DARPA's ardent desire to realize every sci-fi concept ever dreamed of continues with a biologically-inspired computer project which aims for feline brain functionality. But this time it's pinning its hopes on memristor devices which can simulate the behavior of biological synapses in the brain.
Making U.S. Navy carrier groups and Army bases more self-sufficient and energy-efficient could mean turning to mobile nuclear reactors. The Pentagon's DARPA scientists have put forth the modest proposal of deploying miniature reactors to convert hydrogen and carbon into military jet fuel, as well as providing power, The Register reports.
Warships are limited in their ability to patrol vast areas of ocean against pirates, but a modular, self-assembling floating platform delivered by cargo ships could provide a cheaper naval base for military forces. The futuristic twist on a heritage technology comes from none other than the Pentagon's DARPA, The Register reports.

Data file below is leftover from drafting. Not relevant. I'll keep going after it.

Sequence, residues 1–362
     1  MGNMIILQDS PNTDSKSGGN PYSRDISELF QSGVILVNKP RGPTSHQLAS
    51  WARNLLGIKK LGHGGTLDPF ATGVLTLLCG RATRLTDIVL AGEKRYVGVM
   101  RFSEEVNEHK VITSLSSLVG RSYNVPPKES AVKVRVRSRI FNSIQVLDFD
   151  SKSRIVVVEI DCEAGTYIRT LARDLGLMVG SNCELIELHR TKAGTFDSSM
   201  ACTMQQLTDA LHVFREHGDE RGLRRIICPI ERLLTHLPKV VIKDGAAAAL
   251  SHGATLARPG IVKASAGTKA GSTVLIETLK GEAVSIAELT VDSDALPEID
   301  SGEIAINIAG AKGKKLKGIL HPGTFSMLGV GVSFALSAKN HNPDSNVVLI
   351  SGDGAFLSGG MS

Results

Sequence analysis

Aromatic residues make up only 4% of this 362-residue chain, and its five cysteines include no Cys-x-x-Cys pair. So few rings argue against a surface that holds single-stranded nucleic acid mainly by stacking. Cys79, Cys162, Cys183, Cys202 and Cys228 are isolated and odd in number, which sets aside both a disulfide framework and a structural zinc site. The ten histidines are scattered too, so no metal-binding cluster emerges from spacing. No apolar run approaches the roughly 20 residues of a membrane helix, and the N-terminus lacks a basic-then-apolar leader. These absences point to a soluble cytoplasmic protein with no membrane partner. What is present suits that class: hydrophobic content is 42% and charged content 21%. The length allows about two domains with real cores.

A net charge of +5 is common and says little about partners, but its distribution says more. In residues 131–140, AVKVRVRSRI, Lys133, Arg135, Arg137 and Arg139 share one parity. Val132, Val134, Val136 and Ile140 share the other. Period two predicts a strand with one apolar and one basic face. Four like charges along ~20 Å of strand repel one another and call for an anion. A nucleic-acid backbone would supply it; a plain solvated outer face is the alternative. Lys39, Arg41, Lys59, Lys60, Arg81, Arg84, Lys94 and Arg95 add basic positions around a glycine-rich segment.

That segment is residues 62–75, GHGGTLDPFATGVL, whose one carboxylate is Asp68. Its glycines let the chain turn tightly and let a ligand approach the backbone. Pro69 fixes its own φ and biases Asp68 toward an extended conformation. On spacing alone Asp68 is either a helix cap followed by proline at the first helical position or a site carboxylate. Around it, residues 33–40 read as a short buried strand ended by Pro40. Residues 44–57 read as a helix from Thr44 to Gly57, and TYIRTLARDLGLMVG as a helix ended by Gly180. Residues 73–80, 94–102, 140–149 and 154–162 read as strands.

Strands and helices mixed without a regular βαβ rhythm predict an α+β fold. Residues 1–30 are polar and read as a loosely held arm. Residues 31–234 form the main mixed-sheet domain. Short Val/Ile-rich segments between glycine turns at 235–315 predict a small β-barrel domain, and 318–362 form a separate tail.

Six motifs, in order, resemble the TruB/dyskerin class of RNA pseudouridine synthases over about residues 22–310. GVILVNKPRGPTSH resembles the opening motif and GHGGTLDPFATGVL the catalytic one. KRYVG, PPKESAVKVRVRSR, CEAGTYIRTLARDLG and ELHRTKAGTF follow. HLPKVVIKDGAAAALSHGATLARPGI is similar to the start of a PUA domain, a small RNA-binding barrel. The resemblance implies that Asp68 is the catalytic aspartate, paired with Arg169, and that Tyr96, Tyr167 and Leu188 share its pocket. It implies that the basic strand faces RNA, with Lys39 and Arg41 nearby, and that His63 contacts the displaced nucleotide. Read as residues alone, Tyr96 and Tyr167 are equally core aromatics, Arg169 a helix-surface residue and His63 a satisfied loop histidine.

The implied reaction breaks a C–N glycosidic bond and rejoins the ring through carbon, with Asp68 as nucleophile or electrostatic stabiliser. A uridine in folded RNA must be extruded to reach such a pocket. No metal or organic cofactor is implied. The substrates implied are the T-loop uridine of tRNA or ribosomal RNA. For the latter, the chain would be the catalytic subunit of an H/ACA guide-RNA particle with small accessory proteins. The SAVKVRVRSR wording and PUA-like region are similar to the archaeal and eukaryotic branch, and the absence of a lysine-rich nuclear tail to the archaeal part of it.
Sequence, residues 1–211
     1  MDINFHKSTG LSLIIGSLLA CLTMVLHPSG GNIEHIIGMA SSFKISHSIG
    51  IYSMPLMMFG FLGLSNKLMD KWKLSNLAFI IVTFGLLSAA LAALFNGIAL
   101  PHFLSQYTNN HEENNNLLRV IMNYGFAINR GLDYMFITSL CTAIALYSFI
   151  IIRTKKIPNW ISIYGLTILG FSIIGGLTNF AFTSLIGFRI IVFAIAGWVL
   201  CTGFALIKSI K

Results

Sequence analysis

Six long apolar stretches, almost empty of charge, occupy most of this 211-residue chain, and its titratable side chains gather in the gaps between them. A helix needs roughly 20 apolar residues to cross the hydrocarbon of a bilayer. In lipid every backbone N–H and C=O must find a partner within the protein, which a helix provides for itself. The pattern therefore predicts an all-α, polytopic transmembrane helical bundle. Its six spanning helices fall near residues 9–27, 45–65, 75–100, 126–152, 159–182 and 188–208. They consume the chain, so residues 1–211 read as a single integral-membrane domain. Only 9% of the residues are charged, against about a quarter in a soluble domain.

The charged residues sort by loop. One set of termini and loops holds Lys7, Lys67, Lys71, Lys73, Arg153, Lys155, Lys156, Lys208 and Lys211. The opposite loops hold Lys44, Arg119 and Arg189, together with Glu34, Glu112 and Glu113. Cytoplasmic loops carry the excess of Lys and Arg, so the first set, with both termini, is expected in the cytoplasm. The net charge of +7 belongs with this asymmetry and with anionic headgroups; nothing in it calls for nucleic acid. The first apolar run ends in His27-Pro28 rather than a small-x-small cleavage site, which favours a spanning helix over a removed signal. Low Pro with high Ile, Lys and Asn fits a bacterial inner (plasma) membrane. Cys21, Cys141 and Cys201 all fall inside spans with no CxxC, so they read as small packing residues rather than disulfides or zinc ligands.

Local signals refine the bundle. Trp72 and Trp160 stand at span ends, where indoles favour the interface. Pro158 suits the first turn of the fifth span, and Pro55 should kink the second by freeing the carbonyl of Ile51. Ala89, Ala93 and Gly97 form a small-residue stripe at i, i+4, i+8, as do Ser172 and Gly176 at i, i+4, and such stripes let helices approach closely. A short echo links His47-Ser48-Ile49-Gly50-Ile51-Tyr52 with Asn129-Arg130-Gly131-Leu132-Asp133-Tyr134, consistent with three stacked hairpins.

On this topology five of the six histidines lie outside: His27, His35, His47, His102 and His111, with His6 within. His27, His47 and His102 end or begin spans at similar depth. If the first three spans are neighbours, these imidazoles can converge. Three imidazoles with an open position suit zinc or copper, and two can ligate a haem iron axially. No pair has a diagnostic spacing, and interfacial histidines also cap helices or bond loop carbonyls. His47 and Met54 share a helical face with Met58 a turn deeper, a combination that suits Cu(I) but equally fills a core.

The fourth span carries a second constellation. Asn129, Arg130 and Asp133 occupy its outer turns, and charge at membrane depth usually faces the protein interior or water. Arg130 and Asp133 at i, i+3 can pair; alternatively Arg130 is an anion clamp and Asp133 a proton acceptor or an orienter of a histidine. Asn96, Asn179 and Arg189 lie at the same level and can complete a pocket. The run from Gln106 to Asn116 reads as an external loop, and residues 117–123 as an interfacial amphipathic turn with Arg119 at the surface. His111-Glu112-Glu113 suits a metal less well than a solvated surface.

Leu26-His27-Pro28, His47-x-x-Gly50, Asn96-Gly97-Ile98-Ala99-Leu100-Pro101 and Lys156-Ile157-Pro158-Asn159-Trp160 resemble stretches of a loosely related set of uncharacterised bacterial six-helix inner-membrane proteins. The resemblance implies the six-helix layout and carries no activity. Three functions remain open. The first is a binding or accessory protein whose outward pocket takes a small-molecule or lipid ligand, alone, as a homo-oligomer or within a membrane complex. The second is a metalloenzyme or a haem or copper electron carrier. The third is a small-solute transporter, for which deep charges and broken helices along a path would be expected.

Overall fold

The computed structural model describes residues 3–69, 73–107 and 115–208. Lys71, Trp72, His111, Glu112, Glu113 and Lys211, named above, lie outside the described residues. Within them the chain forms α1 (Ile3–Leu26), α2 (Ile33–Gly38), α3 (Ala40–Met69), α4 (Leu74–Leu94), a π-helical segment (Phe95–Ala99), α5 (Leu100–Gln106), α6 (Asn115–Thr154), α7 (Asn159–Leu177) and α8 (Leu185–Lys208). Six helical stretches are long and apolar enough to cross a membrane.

Pentagon mad scientists at DARPA have continued on their quest to create killer robots by announcing a new plan for "robotic autonomous manipulators" that can emulate human hands. And by killer, we of course mean awesome. National Defense reports that the DARPA program aims to create inexpensive robotic hands that can perhaps also replace existing prosthetics for amputees.
It's been a long time since a Pentagon project from the DARPA labs truly evoked a "WTF DARPA?!" response, but our collective jaw dropped when we saw the details on a project known as BioDesign. DARPA hopes to dispense with evolutionary randomness and assemble biological creatures, genetically programmed to live indefinitely and presumably do whatever their human masters want. And, Wired's Danger Room reports, when there's the inevitable problem of said creatures going haywire or realizing that they're intelligent and have feelings, there's a planned self-destruct genetic code that could be triggered.
Most DARPA challenges serve some sort of obvious military or intelligence purpose. But the agency has us scratching our heads over its latest competition, the Network Challenge: a $40,000 cash prize will go to the first person who finds the correct latitude and longitude of ten weather balloons located within the continental United States.